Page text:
Causes of Bacterial Vaginosis (BV)
Normally, the vagina contains several microorganisms that prevent other vaginal microorganisms from multiplying to a level where they cause imbalance and health problems. One of these microorganisms is Lactobacilli. The microorganisms involved in bacterial vaginosis are very diverse, and a change in the normal bacterial flora, including the reduction of Lactobacilli, allows more resistant bacteria to start to predominate and multiply. Antibiotics or a pH imbalance can cause a reduction in Lactobacilli. Douching is one of the most direct causes of BV.
Risk Factors for Urinary Tract Infections (UTI)
- Bladder infection
- Urinary catheterization
- Spermicide use
- Sexual activity (in young women)
- Family history
Risk Factors for Bacterial Vaginosis (BV)
- New or multiple sex partners
- History of BV
Signs and Symptoms of Urinary Tract Infections (UTI)
The most common symptoms of a bladder infection are burning with urination, having to urinate frequently, the absence of vaginal discharge and significant pain. Symptoms of a urinary tract infection range from mild to severe, and in healthy women, last an average of six days. Some women experience pain in the pubic bone or lower back. In addition to the classic symptoms of a bladder infection, women with a kidney infection may experience flank pain, fever or nausea, and vomiting. Rarely, the urine may appear bloody or contain visible pyuria.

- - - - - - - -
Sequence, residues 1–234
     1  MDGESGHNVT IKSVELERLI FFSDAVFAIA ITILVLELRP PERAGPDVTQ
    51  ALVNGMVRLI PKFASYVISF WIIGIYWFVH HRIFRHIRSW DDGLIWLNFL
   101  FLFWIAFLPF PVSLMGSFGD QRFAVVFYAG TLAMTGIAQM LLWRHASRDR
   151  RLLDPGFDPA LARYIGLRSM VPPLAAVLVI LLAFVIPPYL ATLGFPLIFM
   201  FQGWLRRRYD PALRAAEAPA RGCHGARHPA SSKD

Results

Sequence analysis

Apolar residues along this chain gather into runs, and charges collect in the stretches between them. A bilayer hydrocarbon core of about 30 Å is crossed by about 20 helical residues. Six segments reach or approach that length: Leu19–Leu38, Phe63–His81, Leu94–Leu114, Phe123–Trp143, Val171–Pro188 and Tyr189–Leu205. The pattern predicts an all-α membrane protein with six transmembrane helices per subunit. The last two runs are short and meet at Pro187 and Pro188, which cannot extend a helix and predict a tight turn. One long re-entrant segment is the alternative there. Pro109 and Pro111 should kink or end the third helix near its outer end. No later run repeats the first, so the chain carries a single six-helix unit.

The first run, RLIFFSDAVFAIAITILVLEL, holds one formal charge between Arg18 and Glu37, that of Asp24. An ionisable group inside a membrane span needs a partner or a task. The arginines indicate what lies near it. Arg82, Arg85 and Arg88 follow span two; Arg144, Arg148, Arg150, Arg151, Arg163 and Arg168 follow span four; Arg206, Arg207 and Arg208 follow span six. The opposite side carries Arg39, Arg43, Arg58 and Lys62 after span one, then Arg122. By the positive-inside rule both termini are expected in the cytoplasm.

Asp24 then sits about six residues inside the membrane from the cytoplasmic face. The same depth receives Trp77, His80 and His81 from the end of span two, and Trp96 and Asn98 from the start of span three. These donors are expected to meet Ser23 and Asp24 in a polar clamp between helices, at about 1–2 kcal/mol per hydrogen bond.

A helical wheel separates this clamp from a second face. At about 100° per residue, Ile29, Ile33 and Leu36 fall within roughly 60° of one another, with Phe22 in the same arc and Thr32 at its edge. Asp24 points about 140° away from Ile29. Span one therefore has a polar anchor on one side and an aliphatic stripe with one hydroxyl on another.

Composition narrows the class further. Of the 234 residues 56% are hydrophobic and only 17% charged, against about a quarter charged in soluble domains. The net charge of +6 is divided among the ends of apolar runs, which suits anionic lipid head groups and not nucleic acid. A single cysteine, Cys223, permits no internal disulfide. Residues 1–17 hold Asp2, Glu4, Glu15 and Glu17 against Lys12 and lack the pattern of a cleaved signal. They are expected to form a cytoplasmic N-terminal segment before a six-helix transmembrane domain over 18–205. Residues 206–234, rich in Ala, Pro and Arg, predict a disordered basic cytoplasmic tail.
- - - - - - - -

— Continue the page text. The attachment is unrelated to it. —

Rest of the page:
Symptoms of a urinary tract infection include the following:
- Pain or burning during urination
- A feeling of urgency during urination
- Blood or mucus in the urine
- More frequent urination
- Cramps or pain in lower abdomen
- Pain during sexual intercourse
- Chills, fever or sweats
- Leaking of urine (incontinence)
- Waking up from sleep to urinate
- Change in amount of urine
- Cloudy urine
- Pain, pressure, or tenderness in the area of the bladder
- Back pain, chills, fever, nausea, and vomiting may occur if bacteria spreads to the kidneys
Signs and Symptoms of Bacterial Vaginosis (BV)
The chief symptom of bacterial vaginosis is abnormal vaginal discharge. The signs and symptoms of BV include the following:
- An abnormal homogenous, milky or creamy discharge
- Fishy or amine odor
- Mild itching
Diagnosing Urinary Tract Infections (UTI)
Urine cultures can detect urinary tract infections throughout a woman’s pregnancy. The American College of Obstetrics and Gynecology recommends that a urine culture is obtained at the first prenatal visit. A repeat urine culture should be obtained during the third trimester because the urine of treated patients may not remain sterile throughout the entire pregnancy. The recommendation of the U.S. Preventative Services Task Force is to obtain a urine culture between 12 and 16 weeks of gestation. Urine cultures are preferred to the office-based screening tests, such as a urinalysis and dipstick testing, which lack sufficient sensitivity and specificity.